All I can think about are fried green tomatoes and sense the dissonance as I salivate over the thought of having them for supper. It’s September and I’m changing beds over, pulling things up, summer is over. Fried green tomatoes are for when we are so excited to eat tomatoes that we cannot wait for them to ripen before we tear them from the vine. These tomatoes were planted late, slowed by a cool August and still pulled through to give us enough, but now they must die. The temperature is dropping and although we may still have a few warm days ahead, the fruits are far too young to ripen in time. Now I’m hungry for fried green tomatoes and cannot wait to bring them in.

Fall can be depressing; the days are shorter and colder, plants wither and turn brown, the pumpkin spice debate. Taking down a garden you worked so hard to build and struggled to maintain, or thinking of the garden you wanted to plant but never did. How are you supposed to feel? Fall is when we think about these things, and for good reason. Winter is the reset button in our Minnesota gardens, but it isn't here yet. We had cool weather just a few months ago, and we were humming with expectation putting seeds in much colder ground.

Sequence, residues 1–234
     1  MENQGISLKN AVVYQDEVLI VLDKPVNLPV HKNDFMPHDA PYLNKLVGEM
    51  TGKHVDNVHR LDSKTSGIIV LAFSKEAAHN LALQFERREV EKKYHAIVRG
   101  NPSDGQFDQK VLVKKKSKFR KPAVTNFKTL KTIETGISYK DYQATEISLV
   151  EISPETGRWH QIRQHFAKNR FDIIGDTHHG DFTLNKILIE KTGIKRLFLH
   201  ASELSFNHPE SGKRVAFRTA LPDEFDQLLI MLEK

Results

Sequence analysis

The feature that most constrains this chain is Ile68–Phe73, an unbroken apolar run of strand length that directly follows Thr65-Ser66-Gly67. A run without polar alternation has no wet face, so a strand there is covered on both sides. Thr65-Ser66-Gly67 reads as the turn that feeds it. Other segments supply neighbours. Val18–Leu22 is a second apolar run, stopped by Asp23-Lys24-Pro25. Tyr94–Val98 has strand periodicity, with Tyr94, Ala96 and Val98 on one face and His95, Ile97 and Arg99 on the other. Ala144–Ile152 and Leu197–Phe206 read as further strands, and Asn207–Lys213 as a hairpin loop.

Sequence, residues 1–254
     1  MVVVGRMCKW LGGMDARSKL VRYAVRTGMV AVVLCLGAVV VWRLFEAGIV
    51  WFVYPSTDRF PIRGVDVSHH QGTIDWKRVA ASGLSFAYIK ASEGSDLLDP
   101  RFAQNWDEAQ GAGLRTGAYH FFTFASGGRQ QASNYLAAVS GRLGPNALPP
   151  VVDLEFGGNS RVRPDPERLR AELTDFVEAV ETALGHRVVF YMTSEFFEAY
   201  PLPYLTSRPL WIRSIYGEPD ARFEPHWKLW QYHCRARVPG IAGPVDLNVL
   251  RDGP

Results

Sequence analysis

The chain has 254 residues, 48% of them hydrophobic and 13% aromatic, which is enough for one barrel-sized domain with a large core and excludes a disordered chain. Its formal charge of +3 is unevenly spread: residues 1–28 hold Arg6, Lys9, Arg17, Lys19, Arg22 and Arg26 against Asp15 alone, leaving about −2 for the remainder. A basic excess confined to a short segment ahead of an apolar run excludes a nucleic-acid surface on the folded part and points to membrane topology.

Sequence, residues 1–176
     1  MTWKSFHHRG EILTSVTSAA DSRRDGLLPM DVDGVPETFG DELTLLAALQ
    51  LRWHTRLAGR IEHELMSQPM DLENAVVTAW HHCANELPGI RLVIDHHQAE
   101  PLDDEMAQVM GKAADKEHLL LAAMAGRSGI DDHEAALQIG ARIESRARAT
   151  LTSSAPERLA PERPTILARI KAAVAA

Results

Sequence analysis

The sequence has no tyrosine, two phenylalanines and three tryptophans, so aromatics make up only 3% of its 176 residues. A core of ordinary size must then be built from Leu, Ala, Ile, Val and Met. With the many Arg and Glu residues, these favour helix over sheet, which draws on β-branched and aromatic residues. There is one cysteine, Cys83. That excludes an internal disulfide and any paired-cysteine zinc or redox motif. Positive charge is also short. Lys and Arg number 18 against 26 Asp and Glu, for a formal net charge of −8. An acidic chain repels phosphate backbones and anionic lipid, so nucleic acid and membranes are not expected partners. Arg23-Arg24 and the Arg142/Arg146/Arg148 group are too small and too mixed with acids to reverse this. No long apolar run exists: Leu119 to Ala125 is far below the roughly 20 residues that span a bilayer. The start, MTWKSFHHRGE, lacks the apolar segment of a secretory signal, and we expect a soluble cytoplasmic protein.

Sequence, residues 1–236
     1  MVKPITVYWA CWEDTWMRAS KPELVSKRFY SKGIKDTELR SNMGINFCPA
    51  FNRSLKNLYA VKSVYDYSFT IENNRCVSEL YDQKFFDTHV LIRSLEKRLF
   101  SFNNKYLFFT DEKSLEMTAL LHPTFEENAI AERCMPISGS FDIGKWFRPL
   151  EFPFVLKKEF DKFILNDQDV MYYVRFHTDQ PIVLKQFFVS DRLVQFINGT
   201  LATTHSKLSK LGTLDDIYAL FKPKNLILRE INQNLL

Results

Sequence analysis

We are able to begin again, to have a second spring, to plant peas, radishes, and lettuce. We can reflect and plan for next year, try something new or look back on what we would do again. To succeed when circumstances are difficult, when more powerful forces are working against you, your effort is the only reason it will or will not happen. Knowing what to keep and what needs to go is difficult (but not always), and making mistakes is expected. The seasons will change no matter what and you can eat fried green tomatoes whenever you want

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